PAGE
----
This week the White House announced a new Climate Data Initiative that is intended to combine private sector innovation and resources with the power of federal data from NOAA, NASA, the US Geological Survey and other federal agencies on key issues like coastal flooding and sea level rise.  That’s sound science and wise use of scarce federal resources worth noting. 

The idea is that providing this information will help communities “develop data-driven planning and resilience tools for local communities.”  This is precisely the type of government effort that should receive support from both Democrats and Republicans.  Indeed, it’s a direct outgrowth of efforts undertaken in the Bush Administration through the U.S. Climate Change Science Program.  Even partisan Republicans can congratulate this Administration for carrying those efforts forward. 

The second feature of the initiative is an even better idea:  an “innovation challenge” from NOAA and NASA that urges researchers and developers to create data-driven simulations that can be used to educate vulnerable communities about potential sea level rise and flood events.   This is future life-saving stuff and a worthy effort in the face of fiscal belt-tightening and general partisan gridlock on climate issues.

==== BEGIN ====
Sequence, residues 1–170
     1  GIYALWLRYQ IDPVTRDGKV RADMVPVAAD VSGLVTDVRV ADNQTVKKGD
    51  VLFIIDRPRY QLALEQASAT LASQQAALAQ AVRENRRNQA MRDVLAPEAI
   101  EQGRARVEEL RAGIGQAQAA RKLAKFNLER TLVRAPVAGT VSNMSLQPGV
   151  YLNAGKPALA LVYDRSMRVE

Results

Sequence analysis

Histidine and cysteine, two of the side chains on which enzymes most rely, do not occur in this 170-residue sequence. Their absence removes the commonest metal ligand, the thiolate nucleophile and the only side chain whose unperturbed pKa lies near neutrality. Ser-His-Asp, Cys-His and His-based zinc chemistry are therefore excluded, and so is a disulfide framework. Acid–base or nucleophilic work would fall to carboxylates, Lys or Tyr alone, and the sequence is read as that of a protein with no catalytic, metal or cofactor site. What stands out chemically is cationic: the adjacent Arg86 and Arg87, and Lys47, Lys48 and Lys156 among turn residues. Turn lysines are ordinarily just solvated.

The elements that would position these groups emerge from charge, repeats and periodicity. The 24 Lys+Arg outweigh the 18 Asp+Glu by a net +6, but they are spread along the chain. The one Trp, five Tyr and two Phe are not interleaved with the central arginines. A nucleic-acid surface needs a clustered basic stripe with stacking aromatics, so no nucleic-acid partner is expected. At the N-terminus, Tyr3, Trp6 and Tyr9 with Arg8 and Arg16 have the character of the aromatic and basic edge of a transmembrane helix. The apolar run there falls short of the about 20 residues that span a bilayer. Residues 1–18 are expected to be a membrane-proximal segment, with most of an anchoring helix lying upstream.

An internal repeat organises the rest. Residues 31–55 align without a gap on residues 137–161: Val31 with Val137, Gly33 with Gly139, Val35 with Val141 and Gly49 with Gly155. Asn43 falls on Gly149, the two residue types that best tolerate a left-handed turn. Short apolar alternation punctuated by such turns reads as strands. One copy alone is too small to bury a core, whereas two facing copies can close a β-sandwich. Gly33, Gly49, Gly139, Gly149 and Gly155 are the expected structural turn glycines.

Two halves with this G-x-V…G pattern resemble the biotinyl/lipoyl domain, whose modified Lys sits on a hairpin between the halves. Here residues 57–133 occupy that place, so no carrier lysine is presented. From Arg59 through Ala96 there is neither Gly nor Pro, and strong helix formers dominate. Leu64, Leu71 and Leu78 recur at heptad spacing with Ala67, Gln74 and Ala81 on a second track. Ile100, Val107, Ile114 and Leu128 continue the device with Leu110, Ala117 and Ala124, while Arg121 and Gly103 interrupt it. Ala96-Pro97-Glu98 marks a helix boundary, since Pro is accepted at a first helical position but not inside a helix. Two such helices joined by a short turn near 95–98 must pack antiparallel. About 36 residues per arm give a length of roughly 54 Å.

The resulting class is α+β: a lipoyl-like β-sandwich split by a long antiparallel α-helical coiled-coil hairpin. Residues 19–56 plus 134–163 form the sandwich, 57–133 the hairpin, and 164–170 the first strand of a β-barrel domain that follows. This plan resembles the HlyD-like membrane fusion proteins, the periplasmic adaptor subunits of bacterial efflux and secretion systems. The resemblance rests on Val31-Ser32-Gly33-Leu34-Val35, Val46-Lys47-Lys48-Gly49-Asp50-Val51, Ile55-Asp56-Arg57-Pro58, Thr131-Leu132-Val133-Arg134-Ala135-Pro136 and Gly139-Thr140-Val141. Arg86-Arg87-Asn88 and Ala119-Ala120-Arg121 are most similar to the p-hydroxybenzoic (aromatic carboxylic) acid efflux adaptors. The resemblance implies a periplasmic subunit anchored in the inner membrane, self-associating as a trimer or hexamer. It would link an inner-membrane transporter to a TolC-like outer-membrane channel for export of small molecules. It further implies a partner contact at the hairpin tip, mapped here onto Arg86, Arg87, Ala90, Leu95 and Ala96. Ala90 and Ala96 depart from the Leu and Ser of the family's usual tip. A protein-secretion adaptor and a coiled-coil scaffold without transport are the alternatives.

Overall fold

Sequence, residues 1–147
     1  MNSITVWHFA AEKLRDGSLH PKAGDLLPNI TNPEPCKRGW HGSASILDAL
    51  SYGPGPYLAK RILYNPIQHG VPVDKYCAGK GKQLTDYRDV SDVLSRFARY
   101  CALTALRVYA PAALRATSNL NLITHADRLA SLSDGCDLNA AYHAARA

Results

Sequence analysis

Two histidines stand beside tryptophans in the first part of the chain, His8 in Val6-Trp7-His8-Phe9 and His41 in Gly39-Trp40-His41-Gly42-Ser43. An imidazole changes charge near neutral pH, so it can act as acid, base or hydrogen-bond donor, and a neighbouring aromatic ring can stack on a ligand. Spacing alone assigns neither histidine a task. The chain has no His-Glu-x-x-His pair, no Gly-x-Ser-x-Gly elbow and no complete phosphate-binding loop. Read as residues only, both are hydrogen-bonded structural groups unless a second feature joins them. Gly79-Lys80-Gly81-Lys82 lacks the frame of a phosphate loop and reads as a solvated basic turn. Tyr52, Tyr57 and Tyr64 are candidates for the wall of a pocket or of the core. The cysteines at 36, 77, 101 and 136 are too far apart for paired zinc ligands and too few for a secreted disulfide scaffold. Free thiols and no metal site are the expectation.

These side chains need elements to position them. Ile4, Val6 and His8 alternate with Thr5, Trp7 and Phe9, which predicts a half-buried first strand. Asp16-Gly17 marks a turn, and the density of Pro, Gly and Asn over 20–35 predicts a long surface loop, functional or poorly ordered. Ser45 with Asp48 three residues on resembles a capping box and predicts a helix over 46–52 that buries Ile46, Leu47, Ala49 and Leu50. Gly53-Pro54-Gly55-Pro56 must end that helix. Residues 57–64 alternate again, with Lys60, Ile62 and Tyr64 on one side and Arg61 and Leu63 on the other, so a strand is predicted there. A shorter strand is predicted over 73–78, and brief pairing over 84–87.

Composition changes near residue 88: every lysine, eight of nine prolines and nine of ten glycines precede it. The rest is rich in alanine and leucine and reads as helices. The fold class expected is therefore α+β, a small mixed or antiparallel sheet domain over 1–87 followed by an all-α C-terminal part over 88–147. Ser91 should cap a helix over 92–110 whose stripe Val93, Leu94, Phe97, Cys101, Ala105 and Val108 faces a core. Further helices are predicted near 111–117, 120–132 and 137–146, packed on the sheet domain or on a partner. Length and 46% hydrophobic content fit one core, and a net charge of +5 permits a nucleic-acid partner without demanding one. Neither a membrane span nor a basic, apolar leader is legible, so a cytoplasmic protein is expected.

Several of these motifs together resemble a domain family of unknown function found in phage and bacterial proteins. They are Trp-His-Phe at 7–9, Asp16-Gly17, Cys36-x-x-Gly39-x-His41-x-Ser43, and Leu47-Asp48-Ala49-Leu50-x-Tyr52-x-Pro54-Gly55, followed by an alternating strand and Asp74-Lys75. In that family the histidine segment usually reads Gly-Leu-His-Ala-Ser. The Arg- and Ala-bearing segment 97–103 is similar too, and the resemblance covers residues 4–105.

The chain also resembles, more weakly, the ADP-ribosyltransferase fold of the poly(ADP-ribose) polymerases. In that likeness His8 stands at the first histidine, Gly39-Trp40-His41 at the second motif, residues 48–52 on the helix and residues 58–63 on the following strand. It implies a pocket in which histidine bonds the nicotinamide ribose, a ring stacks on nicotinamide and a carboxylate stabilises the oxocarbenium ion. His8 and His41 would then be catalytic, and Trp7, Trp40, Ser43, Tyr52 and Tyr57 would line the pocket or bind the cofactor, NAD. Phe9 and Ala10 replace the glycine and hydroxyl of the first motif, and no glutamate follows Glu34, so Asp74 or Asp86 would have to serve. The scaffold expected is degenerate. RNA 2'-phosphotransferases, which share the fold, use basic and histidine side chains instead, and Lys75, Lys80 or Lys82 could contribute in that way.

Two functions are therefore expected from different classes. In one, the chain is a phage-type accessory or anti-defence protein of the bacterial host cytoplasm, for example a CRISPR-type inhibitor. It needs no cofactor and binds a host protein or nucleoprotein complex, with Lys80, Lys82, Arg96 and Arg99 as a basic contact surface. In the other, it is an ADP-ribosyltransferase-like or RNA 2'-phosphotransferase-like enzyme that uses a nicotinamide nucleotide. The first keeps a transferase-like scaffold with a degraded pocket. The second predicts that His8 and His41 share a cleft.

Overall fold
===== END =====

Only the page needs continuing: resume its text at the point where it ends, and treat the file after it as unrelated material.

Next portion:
And better still, the White House also noted complementary actions from key private sector companies:  Esri is partnering with cities to help state and local governments conduct resilience planning and Google is donating one petabyte of cloud storage and 50 million hours of high-performance computing for climate data. 

These actions are surely not sufficient in the face of the global climate challenge – but they are necessary.  Just because policy-makers can’t agree on steps to mitigate global warming doesn’t mean we shouldn’t take any action to adapt to it.  While it may be unclear at this point exactly what the magnitude of damage will be, climate science is clear that loading greenhouse gases into the atmosphere is having a measurable impact on temperature, sea-level rise and ocean acidification. Contingency planning to deal with the consequences is the right thing to do.

Conover is managing director of the Energy, Environment and Sustainability Practice at Grayling and was director of the U.S. Climate Change Technology Program in the George W. Bush Administration.